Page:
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Archive for Common Reporting Standard

So You Have Received A Bank Letter Asking You About Your Tax Residence For Common Reporting Standards (CRS) Or Foreign Accounting Tax Compliance Act (FATCA) Part 4

John Richardson - Part IV

Part F – A “U.S. citizen” cannot use a “tax treaty tie breaker” to break U.S. “tax residence”. How then does a “U.S. citizen” cease to be a “U.S. tax resident”?

  1. I am a U.S. citizen. I do not live in the United States. I live in Canada. I am a Canadian citizen. How do I stop being subject to the all of the FBAR and other reporting rules, tax rules (including PFIC),  life restrictionsand inability to effectively invest and plan for retirement imposed by the Internal Revenue Code?
  2. Yourelinquish U.S. citizenship. Please note that a “renunciation” is one form of “relinquishment”. In general, the date of relinquishment of U.S. citizenship is more important than the form of relinquishment of U.S. citizenshipA Certificate of Loss of Nationality (“CLN”) may or may not (depending on the date of relinquishment) be necessary to cease to be subject to U.S. taxation.
  3. In simple terms, where do I get information about the process of renouncing U.S. citizenship?
  4. You can start here.
  5. What are the tax consequences of relinquishing or renouncing U.S. citizenship?
  6. The Internal Revenue Code describes the tax consequences of relinquishing/renouncing U.S. citizenship. See Internal Revenue Code S. 877A (the “Exit Tax” rules).

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So You Have Received A Bank Letter Asking You About Your Tax Residence For Common Reporting Standards (CRS) Or Foreign Accounting Tax Compliance Act (FATCA) Part 3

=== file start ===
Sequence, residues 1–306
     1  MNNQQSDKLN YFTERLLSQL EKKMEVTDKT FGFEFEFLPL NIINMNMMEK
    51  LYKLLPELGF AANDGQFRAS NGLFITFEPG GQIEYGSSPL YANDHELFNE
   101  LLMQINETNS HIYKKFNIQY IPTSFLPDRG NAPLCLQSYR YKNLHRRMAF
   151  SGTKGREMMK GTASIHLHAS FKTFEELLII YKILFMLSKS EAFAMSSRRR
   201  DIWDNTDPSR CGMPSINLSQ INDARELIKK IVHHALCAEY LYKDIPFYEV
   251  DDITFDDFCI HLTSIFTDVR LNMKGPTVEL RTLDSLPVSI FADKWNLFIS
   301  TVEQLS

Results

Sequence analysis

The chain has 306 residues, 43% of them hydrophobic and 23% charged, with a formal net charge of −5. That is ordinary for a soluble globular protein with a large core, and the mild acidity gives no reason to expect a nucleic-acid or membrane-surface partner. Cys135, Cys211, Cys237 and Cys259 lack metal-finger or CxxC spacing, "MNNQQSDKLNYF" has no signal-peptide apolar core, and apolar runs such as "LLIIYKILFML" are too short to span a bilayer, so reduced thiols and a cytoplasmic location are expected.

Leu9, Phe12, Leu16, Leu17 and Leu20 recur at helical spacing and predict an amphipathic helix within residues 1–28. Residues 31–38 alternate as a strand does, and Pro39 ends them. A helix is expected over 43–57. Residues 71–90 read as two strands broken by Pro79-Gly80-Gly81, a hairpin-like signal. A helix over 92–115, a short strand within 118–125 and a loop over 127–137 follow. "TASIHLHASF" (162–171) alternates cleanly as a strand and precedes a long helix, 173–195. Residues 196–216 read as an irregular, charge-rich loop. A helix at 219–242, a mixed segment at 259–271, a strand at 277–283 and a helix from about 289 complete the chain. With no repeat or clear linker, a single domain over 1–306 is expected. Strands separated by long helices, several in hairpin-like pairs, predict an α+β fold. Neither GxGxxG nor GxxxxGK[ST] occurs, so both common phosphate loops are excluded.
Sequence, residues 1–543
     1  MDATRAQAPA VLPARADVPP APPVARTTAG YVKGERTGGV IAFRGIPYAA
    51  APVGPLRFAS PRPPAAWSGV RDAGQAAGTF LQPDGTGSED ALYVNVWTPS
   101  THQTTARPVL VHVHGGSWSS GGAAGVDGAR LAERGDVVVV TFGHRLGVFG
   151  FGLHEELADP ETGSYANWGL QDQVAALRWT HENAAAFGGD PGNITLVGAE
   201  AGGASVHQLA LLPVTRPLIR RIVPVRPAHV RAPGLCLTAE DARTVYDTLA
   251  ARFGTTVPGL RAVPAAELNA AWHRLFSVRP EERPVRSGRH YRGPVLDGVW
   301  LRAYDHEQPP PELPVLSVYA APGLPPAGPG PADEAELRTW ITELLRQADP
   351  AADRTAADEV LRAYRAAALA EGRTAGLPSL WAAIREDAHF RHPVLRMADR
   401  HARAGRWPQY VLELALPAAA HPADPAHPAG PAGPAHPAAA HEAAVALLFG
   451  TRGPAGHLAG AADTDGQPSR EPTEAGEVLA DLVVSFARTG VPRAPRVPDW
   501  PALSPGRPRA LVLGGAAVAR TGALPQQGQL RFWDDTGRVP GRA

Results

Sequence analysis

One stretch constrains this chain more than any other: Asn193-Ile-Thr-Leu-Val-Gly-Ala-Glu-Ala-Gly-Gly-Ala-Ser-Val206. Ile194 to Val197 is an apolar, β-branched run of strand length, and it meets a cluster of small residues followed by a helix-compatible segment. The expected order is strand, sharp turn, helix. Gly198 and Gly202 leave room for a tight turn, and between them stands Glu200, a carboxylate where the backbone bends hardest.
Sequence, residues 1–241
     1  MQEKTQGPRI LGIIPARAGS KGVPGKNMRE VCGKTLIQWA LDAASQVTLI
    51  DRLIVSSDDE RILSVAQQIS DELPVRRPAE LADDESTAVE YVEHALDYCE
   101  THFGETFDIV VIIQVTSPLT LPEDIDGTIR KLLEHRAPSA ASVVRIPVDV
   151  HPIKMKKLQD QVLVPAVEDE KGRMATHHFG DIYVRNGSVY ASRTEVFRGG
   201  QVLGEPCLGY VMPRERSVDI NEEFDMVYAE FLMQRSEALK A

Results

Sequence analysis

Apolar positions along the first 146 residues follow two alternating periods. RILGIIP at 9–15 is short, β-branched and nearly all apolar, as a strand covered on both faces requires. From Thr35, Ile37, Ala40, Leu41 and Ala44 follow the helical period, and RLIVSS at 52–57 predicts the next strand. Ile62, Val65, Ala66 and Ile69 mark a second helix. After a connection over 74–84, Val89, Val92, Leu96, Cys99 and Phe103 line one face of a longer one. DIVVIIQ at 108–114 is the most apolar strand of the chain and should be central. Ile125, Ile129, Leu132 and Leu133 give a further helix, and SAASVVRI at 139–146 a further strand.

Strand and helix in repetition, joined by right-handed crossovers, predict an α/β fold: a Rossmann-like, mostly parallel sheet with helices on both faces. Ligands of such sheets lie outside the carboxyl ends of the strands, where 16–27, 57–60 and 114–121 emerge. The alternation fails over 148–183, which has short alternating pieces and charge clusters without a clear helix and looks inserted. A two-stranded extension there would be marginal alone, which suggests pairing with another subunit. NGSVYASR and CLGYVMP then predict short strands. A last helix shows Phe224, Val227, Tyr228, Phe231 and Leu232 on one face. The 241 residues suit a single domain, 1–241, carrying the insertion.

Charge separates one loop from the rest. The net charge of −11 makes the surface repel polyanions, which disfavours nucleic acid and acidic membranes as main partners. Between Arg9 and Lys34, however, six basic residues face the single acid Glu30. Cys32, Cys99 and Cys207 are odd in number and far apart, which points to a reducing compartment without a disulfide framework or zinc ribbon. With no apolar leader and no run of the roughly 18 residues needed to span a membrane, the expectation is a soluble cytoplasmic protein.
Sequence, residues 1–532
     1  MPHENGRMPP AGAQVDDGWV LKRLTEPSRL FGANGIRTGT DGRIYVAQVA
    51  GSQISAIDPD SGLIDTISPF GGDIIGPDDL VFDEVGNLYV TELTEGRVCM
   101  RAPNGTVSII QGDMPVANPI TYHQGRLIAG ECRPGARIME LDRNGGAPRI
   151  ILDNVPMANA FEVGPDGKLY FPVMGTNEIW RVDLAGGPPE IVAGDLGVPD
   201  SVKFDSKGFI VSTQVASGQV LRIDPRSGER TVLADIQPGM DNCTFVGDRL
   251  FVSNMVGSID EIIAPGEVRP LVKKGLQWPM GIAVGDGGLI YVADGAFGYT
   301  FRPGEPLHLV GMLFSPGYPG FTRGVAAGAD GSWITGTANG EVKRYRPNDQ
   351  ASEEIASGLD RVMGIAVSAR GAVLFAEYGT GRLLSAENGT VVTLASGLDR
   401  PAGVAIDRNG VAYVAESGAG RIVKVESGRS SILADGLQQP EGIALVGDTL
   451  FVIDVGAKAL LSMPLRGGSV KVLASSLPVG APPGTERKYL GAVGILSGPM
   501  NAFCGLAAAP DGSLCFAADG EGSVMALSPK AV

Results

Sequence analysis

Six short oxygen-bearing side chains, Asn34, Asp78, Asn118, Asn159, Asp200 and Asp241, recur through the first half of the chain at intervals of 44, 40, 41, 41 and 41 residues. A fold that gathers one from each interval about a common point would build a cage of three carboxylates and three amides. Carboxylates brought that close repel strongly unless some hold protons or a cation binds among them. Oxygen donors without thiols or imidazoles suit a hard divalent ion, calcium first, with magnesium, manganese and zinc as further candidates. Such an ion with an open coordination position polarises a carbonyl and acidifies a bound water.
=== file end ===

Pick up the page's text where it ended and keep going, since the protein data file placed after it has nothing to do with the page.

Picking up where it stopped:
John Richardson - Part III On FATCA AND CRS

Part E – Oh My God! I think I might be a “tax resident” of two countries – What is a “tax treaty tie breaker”? How does a “tax treaty” tie breaker work?

  1. I am a U.S. citizen and a “tax resident” of Canada who actually lives in Canada and not the United States. Can I use the “tax treaty” to become a “tax resident” of only Canada?
  2. Absolutely, positively NOT. U.S. citizens CANNOT use a tax treaty to break “tax residence” with the United States.The reason is that almost all U.S. tax treaties includes what is called a “savings clause“. The purpose of the “savings clause” is two-fold:

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So You Have Received A Bank Letter Asking You About Your Tax Residence For Common Reporting Standards (CRS) Or Foreign Accounting Tax Compliance Act (FATCA) Part 2

Part B – The Combined FATCA/CRS Letter

This letter is particularly worrisome for Canadian residents (whether Canadian citizens or not) who were either born in the United States or are (otherwise) U.S. citizens or U.S. permanent residents (AKA Green Card Holders). Could this mean that they would be required to apply for a U.S. Social Security number?

What follows is a sample of a letter …

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How The U.S. Can Leverage FATCA Bilateral Process

TaxConnections Member Professor William Byrnes examines whether it is prudent for taxpayers to trust the governments of the 117 countries that scored a fifty or below on Transparency International’s corruption index. The complete information system invoked by the Foreign Account Tax Compliance Act (FATCA) encourages, even prolongs, the bad behavior of black hat governments by providing fuel (financial information) to feed the fire of corruption and suppression of rivals. Professor Byrnes recommends that the United States leverage a “carrot-stick” policy tool to incentivize bad actors to adopt best tax administration practices.

Article download at https://ssrn.com/abstract=2916444